For more information:

Saskatoon Gen Web Project submissions

Saskatoon Gen Web region map and boundaries

Marriages from the Humboldt Journal October 1905 through to December 1921

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How did Pioneers Travel to their Prairie Homestead?

14 Jan

Emotional Experience

Transportation in Saskatchewan has evolved through history. Beginning with travel on foot and by horseback, travelers added travois, Red River Cart, Bull boats and canoes.

Early immigrants to western Canada entered mainly via the port of Halifax or New York traversing the ocean on ocean liners and ships. From these eastern ports, the European immigrant traveled westerly.

Ruts in the old trails would at times carve ten or twelve grooves along the trail for the Red River Carts as they blazed through in all types of weather. Early pioneers would avail themselves of steamboat or ferry to transport their belongings or farming equipment as close as possible to their new homestead.

It wasn’t until after 1867 when the Canadian Pacific Railway and Canadian National Railways competed to bring rail across the prairies. In the early 1900s pioneer railroads forged across the grasslands bringing with them immigrants arriving eager to embark on homesteading the “Last Best West“.

Roads and bridges began to appear as Fire Districts, Statute Labour and Fire (SLF) Districts or Statute Labour Districts were established in the North West Territories. Residents could provide labour in lieu of paying taxes. Their work would establish fire breaks and early roads and bridges. Local Improvement Districts followed in the footsteps of the early SLF districts and also provided infrastructure services and firebreaks for protection against runaway grass fires.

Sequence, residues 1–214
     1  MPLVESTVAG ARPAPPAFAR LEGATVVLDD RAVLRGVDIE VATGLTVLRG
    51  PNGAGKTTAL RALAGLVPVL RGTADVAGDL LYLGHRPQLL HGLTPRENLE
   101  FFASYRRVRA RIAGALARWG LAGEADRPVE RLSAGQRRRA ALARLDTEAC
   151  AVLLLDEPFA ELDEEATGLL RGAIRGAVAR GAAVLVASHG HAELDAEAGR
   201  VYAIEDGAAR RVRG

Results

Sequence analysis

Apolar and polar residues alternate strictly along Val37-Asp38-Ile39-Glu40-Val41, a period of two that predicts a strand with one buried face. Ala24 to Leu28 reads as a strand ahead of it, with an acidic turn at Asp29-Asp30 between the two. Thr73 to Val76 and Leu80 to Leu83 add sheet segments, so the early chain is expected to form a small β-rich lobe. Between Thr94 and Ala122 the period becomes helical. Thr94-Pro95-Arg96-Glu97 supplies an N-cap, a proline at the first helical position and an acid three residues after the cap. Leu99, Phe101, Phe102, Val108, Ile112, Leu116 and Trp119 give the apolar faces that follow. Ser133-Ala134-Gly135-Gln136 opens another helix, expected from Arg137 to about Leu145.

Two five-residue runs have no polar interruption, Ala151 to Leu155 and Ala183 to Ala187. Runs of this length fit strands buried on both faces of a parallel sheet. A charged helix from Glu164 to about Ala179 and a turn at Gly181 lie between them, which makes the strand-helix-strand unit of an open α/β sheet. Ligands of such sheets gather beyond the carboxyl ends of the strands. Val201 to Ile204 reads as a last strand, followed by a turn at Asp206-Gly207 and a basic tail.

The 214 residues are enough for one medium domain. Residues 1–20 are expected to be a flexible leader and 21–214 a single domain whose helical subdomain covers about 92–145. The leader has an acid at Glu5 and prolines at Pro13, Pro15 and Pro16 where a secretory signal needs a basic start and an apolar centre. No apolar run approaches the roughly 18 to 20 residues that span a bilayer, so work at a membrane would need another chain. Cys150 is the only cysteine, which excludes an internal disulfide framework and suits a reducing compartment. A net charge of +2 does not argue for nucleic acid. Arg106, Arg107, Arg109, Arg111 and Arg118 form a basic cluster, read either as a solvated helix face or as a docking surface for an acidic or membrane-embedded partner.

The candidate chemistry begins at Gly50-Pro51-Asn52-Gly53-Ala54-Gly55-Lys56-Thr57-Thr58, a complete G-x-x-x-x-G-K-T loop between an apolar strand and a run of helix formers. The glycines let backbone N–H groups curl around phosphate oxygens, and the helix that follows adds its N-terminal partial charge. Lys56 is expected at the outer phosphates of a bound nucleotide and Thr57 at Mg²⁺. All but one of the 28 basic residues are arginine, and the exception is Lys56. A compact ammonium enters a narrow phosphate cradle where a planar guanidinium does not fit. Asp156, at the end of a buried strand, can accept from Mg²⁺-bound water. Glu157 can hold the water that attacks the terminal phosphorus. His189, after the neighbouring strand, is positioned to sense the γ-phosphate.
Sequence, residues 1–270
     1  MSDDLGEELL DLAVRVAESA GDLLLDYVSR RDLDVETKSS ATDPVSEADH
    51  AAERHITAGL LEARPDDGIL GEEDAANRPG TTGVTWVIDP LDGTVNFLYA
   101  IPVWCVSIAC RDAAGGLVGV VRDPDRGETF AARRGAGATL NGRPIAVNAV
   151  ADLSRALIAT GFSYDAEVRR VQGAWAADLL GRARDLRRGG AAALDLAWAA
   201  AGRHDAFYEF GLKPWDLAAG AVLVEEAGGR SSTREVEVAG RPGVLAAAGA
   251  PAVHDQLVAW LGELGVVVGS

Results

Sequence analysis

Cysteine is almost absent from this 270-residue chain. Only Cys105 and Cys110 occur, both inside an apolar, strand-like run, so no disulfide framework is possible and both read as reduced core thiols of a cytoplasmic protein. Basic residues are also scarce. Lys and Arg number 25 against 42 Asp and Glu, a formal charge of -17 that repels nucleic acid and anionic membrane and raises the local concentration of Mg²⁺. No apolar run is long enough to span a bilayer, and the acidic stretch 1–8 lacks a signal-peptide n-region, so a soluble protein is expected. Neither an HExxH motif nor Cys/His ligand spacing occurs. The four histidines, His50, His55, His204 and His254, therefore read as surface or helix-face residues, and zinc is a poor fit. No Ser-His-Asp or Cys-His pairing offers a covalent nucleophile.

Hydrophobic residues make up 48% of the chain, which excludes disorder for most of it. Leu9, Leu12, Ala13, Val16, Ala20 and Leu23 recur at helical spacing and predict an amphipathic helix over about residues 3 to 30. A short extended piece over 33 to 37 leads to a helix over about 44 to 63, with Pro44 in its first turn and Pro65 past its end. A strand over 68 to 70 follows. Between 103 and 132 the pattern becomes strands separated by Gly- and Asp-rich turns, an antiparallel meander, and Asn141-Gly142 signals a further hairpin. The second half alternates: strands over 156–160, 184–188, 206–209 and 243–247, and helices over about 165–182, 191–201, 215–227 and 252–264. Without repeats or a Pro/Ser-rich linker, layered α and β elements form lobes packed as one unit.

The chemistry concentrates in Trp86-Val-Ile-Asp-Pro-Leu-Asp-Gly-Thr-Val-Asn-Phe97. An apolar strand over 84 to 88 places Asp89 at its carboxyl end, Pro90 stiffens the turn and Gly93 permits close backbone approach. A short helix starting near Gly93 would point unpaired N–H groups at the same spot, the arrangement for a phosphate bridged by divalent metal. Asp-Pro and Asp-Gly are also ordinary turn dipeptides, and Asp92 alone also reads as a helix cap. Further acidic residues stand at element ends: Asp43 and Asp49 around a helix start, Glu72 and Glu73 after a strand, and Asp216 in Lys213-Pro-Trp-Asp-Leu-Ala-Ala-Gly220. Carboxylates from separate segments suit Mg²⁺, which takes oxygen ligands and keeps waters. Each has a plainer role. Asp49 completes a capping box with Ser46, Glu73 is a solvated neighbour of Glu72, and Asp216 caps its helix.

The first roads were those allocated by surveyors who laid out benchmarks for homesteads and roads across the prairies. Road allowances were allowed every mile for those extending north – south. The roads which traversed the province east – west were established at two mile intervals.

Local Improvement Districts were the pre-cursors to Rural Municipalities (RM). The RMs continued in these services, and also sought education, and health facilities for the district.

Following the establishment of the Government of Saskatchewan in 1905, Departments began to form. In the 1940s more households across the province had access to a family vehicle and the department of Transportation worked in conjunction with the RMs to provide highway maintenance, upgrades and construction. Main thoroughfares which had been “on the square” were straightened and asphalt layed.

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All rights reserved. Copyright © Aum Kleem All my images are protected under international authors copyright laws and may not be downloaded, reproduced, copied, transmitted or manipulated without my written explicit permission.

Follow me on Word Press, Blogger, Facebook, Flickr, Twitter, Tumblr, Live Journal, Sask Gen Web Ancestry.com and Flickriver

Aum_Kleem - View my most interesting photos on Flickriver